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Spine J. 2014 Jul 1;14(7):1159-65. doi: 10.1016/j.spinee.2013.07.485. Epub 2013 Oct 29.

Unstaged versus staged posterior-only thoracolumbar fusions in deformity: a retrospective comparison of perioperative complications.

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Southern Bone and Joint, Southeast Alabama Medical Center/Flowers Hospital, 1108 Ross Clark Circle, Dothan, AL 36301, USA.
Department of Orthopaedics and Sports Medicine, Harborview Medical Center/University of Washington Medical Center, Box 359798, 325 9th Ave., Seattle, WA 98104, USA.
Department of Orthopaedics and Sports Medicine, Harborview Medical Center/University of Washington Medical Center, Box 359798, 325 9th Ave., Seattle, WA 98104, USA. Electronic address:



Improvements in surgical techniques and medical support have made reconstruction of adult scoliosis more feasible. In an attempt to reduce the risk of complications, some surgeons have chosen to stage these procedures.


We sought to compare a staged group versus an unstaged group of patients undergoing posterior-only instrumentation and fusion from the thoracic spine to the pelvis by a single surgeon for degenerative kyphoscoliosis or residual, progressive adolescent idiopathic scoliosis to assess for a difference in complications.


Retrospective chart review.


We included 143 consecutive patients treated between January 1, 2000, and December 31, 2010.


The primary outcome assessed was perioperative complications. Secondary outcomes included intraoperative blood loss, intraoperative transfusions, ICU stay, and disposition.


After institutional review board approval, records were analyzed to identify comorbidities and determine whether the management of each patient was planned in an unstaged or staged fashion. "Failures" were identified in which the plan was for an unstaged procedure but were converted to a staged procedure. Complications were defined as unplanned additional procedures or unexpected medical outcomes within 90 days of surgery. We considered p<.005 to be significant.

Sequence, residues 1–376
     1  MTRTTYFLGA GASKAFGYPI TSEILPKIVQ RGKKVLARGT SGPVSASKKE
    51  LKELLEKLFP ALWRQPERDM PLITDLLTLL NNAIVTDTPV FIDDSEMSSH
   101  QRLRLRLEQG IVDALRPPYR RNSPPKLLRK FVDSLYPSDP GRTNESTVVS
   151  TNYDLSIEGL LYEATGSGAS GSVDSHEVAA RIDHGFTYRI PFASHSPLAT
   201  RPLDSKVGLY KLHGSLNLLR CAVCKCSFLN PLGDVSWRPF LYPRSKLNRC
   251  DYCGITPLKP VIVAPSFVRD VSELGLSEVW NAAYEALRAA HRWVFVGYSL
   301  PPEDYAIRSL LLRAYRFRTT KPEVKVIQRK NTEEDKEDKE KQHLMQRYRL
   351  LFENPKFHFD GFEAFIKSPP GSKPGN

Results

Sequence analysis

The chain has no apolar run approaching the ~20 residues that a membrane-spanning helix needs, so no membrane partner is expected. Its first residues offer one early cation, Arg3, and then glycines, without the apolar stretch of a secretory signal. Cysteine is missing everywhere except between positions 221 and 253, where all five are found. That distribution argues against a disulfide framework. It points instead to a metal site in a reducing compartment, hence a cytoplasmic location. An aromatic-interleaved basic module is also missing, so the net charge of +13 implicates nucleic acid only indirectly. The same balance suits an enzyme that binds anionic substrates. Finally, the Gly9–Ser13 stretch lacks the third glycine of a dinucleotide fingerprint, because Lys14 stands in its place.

Fifty-two patients underwent planned staged surgery and 90 underwent planned unstaged surgical procedures. Baseline demographics including American Society of Anesthesiologists (ASA) score, body mass index, and preoperative diabetic and cardiac status were not different between the two groups. Age was greater in the staged group (68 vs. 63 y; p=.001). Intraoperative transfusion and invasiveness index as defined by Mirza, were also higher in the staged group (p<.005). No difference was identified between the two intent-to-treat groups for complications including infection rate, death, myocardial infarction, stroke, pulmonary embolism, other pulmonary complication, or blindness. Eleven of the 90 unstaged patients were unable to have their surgical procedure completed at the time of the index procedure. The 11 "failures" demonstrated a higher ASA compared with the 79 successfully treated unstaged procedures (p<.005), although no differences in complications.


There were no differences in complications between the intent-to-treat groups of staged and unstaged procedures, nor was there a difference comparing the "failures" of unstaged care to successful unstaged patients. Although fraught with potential complications, both techniques may be reasonable approaches.


Complication; Deformity; Scoliosis; Staging

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